NHL offers new proposal in hopes of ending lockout stalemate

calexander@newsobserver.comDecember 28, 2012 

NHL Labor Hockey

FILE - In this Sept. 13, 2012, file photo, NHL hockey commissioner Gary Bettman listens as he meets with reporters after a meeting with team owners, in New York. The NHL locked out its players at midnight Saturday, becoming the third major sports league to impose a work stoppage in the last 18 months. The action also marks the fourth shutdown for the NHL since 1992, including a year-long dispute that forced the cancellation of the entire 2004-05 season when the league held out for a salary cap. The deal which ended that dispute expired at midnight, and Commissioner Gary Bettman followed through on his longstanding pledge to lock out the players with no new agreement in place. (AP Photo/Mary Altaffer, File)


Could the NHL finally be on the verge of a major breakthrough that will jump-start the 2012-2013 season?

The NHL has made a new proposal on a collective bargaining agreement for the NHL Players Association to consider, NHL deputy commissioner Bill Daly confirmed Friday. While Daly offered no specifics, media sources said the proposal would offer a compromise on contracting demands previously made the league, change the year-to-year salary variance previously proposed, and allow one contract compliance buyout per team before the 2013-2014 season that would not count against the team's salary cap.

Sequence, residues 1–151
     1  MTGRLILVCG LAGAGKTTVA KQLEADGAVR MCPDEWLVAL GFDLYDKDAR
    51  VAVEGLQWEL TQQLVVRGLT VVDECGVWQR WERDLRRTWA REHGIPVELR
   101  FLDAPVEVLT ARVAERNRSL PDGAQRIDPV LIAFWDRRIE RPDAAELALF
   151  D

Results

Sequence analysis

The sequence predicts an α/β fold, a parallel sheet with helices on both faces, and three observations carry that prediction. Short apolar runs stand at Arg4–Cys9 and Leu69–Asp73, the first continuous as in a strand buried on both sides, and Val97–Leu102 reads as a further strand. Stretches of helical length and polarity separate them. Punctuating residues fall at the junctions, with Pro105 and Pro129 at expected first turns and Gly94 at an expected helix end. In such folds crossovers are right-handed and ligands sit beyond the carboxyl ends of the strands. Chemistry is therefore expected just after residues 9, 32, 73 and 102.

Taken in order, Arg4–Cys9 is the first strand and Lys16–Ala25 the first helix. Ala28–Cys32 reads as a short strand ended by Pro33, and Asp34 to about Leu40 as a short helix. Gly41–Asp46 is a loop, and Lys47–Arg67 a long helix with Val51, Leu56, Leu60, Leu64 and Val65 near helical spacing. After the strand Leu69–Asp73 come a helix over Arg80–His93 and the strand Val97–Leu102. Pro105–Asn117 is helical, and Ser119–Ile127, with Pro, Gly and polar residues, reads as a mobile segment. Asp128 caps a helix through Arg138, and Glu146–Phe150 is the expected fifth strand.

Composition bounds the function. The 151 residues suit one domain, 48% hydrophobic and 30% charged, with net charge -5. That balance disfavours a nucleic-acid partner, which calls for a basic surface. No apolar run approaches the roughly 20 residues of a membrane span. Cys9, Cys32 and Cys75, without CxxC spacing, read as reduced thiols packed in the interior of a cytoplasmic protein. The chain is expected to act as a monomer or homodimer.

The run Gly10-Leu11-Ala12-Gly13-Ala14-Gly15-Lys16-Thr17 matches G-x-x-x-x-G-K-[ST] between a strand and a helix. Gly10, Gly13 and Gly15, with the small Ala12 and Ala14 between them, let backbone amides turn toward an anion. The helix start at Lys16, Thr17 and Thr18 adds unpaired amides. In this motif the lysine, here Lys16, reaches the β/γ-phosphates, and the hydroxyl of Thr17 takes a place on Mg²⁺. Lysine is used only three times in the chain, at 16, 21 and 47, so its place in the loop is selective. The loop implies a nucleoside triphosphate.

"We are not prepared to discuss the details of our proposal at this time," Daly said in a statement released by the league. "We are hopeful that once the Union's staff and negotiating committee have had an opportunity to thoroughly review and consider our new proposal, they will share it with the players. We want to be back on the ice as soon as possible."

The NHLPA was to discuss the proposal in a Friday afternoon conference call with the players.

Details of the proposal were reported Friday by TSN and EPSN.com, among other media outlets. The Canadian Press reported the NHL made the proposal contingent on it being accepted by Jan. 11 and the season starting by Jan. 19.

The NHL had been proposing a maximum five-year limit on new contracts (seven years for a team re-signing one of its own players). Daly even said the contract demand, for the league and NHL owners, would be "the hill we die on."

The new offer would be for six-year contracts (still seven years for re-signings). The union has proposed eight-year contracts.

The league had proposed a five-percent variance in year-to-year salary during the course of a contract, but is said to be willing to move to 10 percent, closer to the variance the players have been asking for.

The players have been insistent on the league honoring existing contracts as part of a new CBA. The league proposed a make-whole provision in which the players would receive deferred compensation and again has offered to put in $300 million to help fund that compensation.

The NHL has canceled all games through Jan. 14, including the Winter Classic. There was hope, however, if the season could be started by mid-January that a 48-game schedule could be played, then the Stanley Cup playoffs.

As of noon Friday, no collective bargaining meetings have been scheduled. There have been no meetings since Dec. 13.

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